Amy S. Tsanga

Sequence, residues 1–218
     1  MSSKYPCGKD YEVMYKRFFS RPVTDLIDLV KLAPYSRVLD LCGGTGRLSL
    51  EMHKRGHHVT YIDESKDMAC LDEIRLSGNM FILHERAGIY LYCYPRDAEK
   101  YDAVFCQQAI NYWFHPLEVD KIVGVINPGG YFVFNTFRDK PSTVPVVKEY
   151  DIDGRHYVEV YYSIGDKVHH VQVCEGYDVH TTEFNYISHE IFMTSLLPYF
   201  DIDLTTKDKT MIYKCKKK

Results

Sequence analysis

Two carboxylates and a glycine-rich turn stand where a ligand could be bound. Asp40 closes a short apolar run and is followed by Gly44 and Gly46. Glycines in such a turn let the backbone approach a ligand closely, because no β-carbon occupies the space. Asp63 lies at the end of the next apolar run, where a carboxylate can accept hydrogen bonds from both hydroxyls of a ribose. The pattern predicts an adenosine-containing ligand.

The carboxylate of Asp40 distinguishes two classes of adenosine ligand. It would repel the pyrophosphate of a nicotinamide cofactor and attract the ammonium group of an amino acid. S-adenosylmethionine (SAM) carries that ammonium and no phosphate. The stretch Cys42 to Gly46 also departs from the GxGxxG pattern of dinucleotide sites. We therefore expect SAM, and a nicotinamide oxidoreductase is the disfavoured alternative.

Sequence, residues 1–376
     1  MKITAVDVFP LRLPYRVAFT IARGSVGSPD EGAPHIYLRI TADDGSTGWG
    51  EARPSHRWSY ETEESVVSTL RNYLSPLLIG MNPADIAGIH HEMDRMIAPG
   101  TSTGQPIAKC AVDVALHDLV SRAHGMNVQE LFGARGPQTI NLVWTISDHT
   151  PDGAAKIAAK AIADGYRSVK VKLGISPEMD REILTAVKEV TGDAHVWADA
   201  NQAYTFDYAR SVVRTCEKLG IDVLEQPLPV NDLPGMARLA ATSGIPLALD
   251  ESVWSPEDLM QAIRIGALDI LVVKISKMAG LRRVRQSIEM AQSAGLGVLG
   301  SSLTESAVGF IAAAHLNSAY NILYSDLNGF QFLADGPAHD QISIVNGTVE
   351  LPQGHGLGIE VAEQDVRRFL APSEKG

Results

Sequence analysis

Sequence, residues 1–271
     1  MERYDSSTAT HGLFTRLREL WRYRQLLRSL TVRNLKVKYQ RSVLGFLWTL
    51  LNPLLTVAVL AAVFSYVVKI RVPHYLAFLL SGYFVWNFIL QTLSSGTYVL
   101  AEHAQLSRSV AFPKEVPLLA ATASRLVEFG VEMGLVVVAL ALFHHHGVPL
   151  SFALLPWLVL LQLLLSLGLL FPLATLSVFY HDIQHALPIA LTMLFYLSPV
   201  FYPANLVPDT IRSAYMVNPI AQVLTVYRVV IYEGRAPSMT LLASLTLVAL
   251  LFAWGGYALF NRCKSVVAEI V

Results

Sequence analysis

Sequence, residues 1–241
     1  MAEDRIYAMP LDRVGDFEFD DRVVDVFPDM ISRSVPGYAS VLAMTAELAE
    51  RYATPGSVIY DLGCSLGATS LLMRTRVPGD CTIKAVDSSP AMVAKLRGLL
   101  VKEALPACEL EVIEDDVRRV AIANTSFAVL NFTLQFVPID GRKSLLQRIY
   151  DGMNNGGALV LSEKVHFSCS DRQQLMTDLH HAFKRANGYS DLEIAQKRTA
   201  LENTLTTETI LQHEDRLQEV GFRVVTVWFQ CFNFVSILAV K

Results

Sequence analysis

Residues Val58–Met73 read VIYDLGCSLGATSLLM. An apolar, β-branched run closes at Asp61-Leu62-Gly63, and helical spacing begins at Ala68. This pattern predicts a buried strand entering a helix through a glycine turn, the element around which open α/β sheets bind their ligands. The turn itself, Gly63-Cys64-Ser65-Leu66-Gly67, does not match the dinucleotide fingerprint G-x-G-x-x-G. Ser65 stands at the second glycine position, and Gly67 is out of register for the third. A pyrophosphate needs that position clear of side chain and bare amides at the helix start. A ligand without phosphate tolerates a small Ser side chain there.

The Convention on the Elimination of All Forms of Discrimination Against Women (CEDAW) comprehensively outlines the international standards on the rights of women that are to be pursued by State Parties to the Convention. Adopted by the General Assembly in 1979, it entered into force in 1981 and set the scene for a comprehensive approach to the human rights of women by State Parties that have ratified the Convention. The underlying spirit of the Convention is that discrimination against women violates principles of equality and respect for human dignity and presents obstacles to the advancement of women in the political, social, economic, and cultural spheres. The Convention recognizes in its preamble that the complete development of any country and the furtherance of world peace requires the maximum participation of women on equal terms with men in all fields. Zimbabwe ratified the Women's Convention on the 13th of May 1991 without reservations, thereby agreeing to pursue active measures to eliminate discrimination against women by both State and non-state actors. The protection of human rights at the national level is fashioned by the normative and institutional frameworks that exist in a particular country. The major thrust of this paper is to examine the progress, as well as the gaps, from a legislative viewpoint in advancing the rights of women in Zimbabwe. A country-specific analysis allows for a clear understanding of the nature of the constitutional and legal framework under which human rights instruments are expected to materialize. In Zimbabwe the Constitution is the highest law of the land and any law inconsistent with the Constitution is void to the extent of that inconsistency. As such, under the Constitution, international instruments do not automatically form part of the law unless approved by Parliament or have been incorporated into the law by an Act of Parliament. The Constitution therefore provides the barometer with which to measure all other laws in the country.

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